Friday, May 23, 2014

it's how we work...

Up early. Too early. Don't you think 3 a.m. is early? I could have let the chickens out, but that would have been a shock to their systems. They love routine. 3 a.m. is not in their routine.

Will you find me repetitive if I tell you we had a beautiful day today? Sunny, warm but not hot -- exquisite! From the first golden rays of... whatever later hour it was. Maybe 5:30?



So, breakfast on the porch...



Then there are the Friday errands and meetings, but just after noon we are home again, ready to continue where we left off.


For me, it's work in the flower beds.


Yes, with Scotch's help.

I'm working not too far from the sheep shed and as I glance in that direction, I notice how weedy it has become. Maybe we should clear the space that faces the courtyard? There are leafy bushes that have sprung from nowhere. It can't be that hard to dig them out.

After a few tentative pulls, it become obvious that it is hard. There are saplings and there are trees with deeper root systems.

What? Stop now? No. We dig them all out.

 I wish I could tell you that we then go back to our regular gardening checklists, but in fact, we don't do that.  We're tired and, too, we're at a turning point: continue, or walk away from this project? Pull up the fabric under the top layer of soil and lay on chips, maybe plant some separated hostas... Or, ignore it all now that the bushes are gone?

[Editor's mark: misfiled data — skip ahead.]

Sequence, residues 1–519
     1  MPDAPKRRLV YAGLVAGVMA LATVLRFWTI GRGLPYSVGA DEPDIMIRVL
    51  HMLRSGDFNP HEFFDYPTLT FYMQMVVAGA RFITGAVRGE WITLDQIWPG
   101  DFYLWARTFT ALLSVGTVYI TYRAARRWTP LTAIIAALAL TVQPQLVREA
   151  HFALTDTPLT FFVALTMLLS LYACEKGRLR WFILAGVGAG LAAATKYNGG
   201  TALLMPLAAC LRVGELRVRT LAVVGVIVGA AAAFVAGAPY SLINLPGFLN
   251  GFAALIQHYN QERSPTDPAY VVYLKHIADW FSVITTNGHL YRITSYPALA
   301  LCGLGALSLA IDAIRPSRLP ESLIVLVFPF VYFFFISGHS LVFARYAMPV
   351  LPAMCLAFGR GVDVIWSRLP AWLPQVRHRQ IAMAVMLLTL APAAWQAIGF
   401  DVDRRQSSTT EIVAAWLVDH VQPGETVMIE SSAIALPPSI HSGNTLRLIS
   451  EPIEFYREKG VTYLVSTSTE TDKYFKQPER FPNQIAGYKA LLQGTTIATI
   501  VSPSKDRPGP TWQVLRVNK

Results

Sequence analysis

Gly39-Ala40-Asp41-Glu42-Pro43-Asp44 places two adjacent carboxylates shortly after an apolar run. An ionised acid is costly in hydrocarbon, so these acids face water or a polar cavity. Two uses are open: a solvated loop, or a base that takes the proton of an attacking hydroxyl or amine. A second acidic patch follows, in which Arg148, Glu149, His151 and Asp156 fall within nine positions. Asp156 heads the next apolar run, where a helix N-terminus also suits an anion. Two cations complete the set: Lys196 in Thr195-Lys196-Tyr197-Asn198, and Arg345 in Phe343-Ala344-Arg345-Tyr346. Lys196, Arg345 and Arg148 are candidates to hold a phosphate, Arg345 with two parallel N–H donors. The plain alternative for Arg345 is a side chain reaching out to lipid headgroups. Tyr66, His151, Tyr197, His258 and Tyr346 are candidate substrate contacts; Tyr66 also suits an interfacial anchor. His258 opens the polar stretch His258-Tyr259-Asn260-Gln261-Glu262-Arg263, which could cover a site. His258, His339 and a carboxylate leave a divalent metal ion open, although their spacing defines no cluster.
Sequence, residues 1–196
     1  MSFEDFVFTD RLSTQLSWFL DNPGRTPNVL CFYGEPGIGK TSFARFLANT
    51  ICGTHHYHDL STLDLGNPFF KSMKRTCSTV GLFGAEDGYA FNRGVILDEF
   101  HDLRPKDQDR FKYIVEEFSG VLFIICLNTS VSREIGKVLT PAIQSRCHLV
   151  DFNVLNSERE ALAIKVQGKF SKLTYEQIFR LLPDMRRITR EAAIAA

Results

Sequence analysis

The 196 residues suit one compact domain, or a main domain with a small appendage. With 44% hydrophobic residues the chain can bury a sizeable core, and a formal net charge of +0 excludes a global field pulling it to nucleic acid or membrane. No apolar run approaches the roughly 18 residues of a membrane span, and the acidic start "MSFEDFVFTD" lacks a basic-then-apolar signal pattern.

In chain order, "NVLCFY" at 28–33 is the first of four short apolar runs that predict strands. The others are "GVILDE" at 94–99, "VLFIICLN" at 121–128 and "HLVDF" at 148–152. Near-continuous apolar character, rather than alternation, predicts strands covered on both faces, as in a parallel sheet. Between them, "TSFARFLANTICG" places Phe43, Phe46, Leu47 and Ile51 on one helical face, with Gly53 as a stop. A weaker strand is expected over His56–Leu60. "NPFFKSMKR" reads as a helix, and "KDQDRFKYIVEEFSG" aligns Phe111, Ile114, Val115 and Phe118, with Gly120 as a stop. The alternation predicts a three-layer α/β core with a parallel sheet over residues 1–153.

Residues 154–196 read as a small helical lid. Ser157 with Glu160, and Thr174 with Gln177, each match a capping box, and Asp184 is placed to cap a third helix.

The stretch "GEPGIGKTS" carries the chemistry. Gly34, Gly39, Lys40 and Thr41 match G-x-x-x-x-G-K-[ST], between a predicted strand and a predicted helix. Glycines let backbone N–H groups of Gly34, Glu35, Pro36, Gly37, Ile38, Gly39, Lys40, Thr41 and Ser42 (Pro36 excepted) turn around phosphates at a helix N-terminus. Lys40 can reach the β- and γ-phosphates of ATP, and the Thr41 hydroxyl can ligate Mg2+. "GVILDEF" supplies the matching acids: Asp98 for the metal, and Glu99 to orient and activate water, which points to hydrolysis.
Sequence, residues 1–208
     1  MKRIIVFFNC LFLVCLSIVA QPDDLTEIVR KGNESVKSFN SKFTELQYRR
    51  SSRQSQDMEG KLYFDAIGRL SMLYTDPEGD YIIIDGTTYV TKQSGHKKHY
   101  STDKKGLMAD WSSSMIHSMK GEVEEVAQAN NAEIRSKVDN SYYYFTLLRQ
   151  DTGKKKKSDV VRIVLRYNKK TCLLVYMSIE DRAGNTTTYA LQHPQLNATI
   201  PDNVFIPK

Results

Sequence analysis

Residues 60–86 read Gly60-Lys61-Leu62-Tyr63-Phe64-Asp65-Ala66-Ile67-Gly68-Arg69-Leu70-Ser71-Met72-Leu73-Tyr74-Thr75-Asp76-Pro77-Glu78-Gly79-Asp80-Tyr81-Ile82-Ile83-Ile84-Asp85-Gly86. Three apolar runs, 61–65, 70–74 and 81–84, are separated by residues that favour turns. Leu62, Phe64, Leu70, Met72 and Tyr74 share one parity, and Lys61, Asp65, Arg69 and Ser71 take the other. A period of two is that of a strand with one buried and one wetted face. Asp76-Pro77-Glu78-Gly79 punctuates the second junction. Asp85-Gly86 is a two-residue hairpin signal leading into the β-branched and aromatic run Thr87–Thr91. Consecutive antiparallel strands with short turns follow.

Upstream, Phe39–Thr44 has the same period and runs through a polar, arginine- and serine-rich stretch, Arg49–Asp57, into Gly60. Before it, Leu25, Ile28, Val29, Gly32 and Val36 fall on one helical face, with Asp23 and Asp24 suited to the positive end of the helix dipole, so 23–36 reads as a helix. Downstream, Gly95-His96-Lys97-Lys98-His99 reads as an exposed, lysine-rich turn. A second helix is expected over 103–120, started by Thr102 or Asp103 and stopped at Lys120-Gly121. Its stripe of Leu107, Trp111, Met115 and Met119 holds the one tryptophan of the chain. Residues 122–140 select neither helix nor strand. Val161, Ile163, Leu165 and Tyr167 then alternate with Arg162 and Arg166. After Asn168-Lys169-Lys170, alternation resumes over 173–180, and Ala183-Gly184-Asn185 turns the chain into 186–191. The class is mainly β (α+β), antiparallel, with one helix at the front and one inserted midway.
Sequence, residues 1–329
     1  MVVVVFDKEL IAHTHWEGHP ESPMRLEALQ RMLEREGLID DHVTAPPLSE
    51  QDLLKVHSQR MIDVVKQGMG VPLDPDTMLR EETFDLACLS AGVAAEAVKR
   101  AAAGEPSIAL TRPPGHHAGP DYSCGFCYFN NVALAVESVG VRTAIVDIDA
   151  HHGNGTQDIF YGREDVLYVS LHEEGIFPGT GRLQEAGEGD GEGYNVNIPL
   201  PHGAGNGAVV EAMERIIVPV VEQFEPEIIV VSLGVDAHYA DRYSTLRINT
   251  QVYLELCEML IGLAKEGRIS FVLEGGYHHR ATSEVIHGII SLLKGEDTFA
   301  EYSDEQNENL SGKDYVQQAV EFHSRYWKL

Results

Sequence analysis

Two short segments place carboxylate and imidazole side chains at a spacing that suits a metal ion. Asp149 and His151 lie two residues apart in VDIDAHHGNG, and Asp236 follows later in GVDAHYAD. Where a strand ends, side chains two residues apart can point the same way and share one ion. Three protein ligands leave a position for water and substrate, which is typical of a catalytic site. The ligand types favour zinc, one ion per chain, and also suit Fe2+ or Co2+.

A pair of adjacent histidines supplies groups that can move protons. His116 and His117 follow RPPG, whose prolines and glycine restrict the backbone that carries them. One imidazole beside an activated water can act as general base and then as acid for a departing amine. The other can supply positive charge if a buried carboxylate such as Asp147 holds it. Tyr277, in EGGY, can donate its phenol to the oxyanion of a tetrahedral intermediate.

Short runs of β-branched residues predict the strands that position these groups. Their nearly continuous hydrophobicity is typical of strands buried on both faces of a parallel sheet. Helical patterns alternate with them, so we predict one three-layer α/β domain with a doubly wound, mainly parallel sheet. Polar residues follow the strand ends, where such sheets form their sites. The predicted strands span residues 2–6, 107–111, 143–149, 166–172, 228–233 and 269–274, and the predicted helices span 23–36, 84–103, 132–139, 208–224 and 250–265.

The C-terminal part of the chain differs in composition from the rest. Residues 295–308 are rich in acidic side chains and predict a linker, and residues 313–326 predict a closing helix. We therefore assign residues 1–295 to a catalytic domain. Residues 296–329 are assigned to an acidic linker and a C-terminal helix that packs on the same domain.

And isn't it just like us  -- to walk by some corner of land, drop everything and without prompt or any discussion, begin work there? Because it feels right at that moment?

I think about how massive our efforts have been this year to control the spread of weeds. And how quickly it all can revert back to the less stellar times of dense foliage where mosquitoes hang out.

But I have to say, having invested so much effort in the makeover, all other maintenance will seem like childsplay.

Even though there's no childsplay in store for us this week or even the next. We pause now. I put away our old digging tools, Ed sits back and hangs with the chickens.


Tomorrow. We'll finish this new bit of repair work in one way or another tomorrow. Right now, I throw some corn to the brood and retreat to the farmhouse.

I'll end with one last photo -- of the lingering blooms of the crabapple, but really, of so much more!


And now if you'll excuse me, I have a back to stretch, sore arm muscles to indulge and hours of sleep to catch up on.